Aleksandr Drevin, Nadejda Oudaltsova, Moscou, Dom Nachokin, 1991
Amazons of the avant-garde : Alexandra Exter, Natalia Goncharova, Liubov Popova, Olga Rozanova, Varvara Stepanova and Nadezhda Udaltsova, Deutsche Guggenheim, Berlin, 10 July – 1 October 1999 ; Royal Academy of Arts, London, 10 November 1999 – 6 February 2000 ; Peggy Guggenheim Collection, Venice, 29 February – 28 May 2000, Solomon R. Guggenheim Museum, New York, 21 June – 1 October 2000
From 1905 to 1909, Nadejda Andreevna Oudaltsova trained at the Moscow Institute of Painting, Suclpture and Arcihtecture under the direction of impressionist and symbolist painter Konstantin Iouon. Later, in Paris she enrolled at the Académie de La Palette as a student of the French cubists Henri Le Fauconnier, Jean Metzinger, and André Dunoyer de Segonzac. Their influences were crucial to her practice, as witnessed in her works presented in 1914 at the Jack of Diamonds exhibition in Moscow. After returning to Moscow, she collaborated in the open collaborative workshop The Tower, where she came into contact with Mikhaïl Larionov and began producing Rayonist works while familiarising herself with the Constructivist theories of Vladmir Tatlin. In 1915 she joined the Supremus group founded by Kazimir Malevich and realised sketches for peasant cooperatives, as well as Suprematist pieces. In 1917, under the direction of the Armenian painter Gueorgui Yakoulov, she participated in a project that crystallised the Constructivists’ ambitions of bringing art and life together – the decorative program of the Café Pittoresque in Moscow.
After the October Revolution, she worked in the arts department of the People’s Commissariat for Education until 1920. In 1922, she participated in the first Russian exhibition at the van Diemen gallery in Berlin, followed by the Venice Biennale in 1924. Disapproving of the Productivist orientation of the INKHOUK Constructivists, she and her husband, Alexandre Drévine, returned to a more figurative painting style, using traditional themes – such as landscapes of the Soviet countryside – and audacious colours. Denigrated as “Formalist” by the regime, her works ceased to be exhibited after 1934. She continued to paint until her death, but remains still today in the margins of the official system.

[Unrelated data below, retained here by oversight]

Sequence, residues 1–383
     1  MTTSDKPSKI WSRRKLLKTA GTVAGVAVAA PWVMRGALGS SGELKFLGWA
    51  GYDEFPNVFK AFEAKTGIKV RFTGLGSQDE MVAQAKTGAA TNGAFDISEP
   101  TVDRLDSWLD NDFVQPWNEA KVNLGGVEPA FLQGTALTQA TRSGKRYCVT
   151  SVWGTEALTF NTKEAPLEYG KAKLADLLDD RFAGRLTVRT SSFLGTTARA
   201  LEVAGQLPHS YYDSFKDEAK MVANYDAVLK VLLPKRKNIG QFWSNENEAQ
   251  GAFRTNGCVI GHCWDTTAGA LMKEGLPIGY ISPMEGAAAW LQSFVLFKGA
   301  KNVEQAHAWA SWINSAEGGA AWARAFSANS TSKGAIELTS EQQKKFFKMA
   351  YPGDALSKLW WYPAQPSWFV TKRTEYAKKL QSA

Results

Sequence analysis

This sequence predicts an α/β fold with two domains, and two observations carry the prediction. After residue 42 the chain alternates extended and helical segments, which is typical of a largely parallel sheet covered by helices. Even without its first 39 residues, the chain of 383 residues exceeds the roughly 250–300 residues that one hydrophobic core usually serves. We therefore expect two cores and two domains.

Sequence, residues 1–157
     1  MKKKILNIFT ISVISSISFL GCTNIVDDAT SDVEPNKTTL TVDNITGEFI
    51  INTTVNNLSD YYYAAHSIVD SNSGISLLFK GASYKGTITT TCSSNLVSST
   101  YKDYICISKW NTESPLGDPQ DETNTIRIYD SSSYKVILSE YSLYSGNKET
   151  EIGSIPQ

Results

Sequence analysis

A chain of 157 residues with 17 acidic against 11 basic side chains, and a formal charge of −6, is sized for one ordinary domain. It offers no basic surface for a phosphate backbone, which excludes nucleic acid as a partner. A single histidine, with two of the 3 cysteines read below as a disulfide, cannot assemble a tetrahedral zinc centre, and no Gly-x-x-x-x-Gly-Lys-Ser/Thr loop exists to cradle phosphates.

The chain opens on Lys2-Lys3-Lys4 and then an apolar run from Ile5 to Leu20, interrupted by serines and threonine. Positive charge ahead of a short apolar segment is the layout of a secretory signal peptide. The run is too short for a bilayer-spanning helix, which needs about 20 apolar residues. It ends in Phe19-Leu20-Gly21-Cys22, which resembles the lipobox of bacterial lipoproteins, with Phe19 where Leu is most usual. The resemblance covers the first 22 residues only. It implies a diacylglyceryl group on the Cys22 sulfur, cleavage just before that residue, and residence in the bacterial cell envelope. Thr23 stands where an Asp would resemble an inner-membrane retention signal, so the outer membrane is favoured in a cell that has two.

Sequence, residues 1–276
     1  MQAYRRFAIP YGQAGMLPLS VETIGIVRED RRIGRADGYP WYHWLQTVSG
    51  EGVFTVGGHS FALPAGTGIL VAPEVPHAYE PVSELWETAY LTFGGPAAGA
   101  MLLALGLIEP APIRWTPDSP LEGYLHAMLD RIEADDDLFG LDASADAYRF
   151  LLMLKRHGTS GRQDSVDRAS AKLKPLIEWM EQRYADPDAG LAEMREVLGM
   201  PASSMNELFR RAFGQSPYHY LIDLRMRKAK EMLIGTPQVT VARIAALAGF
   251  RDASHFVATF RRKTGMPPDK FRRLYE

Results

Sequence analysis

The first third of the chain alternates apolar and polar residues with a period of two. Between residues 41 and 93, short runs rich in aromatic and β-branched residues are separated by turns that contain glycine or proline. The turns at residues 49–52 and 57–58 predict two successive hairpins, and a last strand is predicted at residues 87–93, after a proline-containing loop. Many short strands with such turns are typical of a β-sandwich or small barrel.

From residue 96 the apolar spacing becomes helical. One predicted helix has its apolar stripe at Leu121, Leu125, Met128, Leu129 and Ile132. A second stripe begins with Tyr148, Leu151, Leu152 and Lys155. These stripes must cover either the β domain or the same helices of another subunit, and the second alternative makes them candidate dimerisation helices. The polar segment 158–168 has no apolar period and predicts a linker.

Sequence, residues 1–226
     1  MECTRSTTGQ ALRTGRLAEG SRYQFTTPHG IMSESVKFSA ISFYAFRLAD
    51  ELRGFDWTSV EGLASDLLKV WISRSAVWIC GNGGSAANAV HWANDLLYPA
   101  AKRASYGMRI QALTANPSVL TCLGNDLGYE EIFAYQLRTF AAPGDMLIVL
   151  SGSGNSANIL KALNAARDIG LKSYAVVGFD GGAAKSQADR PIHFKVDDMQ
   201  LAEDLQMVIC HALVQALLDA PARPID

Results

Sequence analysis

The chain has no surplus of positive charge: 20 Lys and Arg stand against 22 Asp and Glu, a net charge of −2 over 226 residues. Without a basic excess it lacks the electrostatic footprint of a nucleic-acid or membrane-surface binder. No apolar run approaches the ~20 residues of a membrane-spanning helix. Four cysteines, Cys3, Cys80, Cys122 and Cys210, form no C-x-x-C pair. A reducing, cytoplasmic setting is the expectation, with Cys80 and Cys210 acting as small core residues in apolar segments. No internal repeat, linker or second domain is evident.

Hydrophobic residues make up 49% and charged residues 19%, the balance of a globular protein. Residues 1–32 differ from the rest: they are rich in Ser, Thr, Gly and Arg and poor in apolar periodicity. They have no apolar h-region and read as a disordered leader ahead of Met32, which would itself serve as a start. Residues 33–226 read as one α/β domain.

Nadejda Oudaltsova, La cruche jaune, ca. 1913-1914, oil on canvas, 70.7 x 52.3 cm, musée national d’Art contemporain – collection Costakis, Thessalonique
Nadejda Oudaltsova, Selfportrait with palette, 1915, oil on canvas, 72 x 63 cm, Tretyakov Gallery, Moscow
Nadejda Oudaltsova, Violon, ca. 1916, oil on canvas, 70.7 x 53.4 cm, musée national d’Art contemporain – collection Costakis, Thessalonique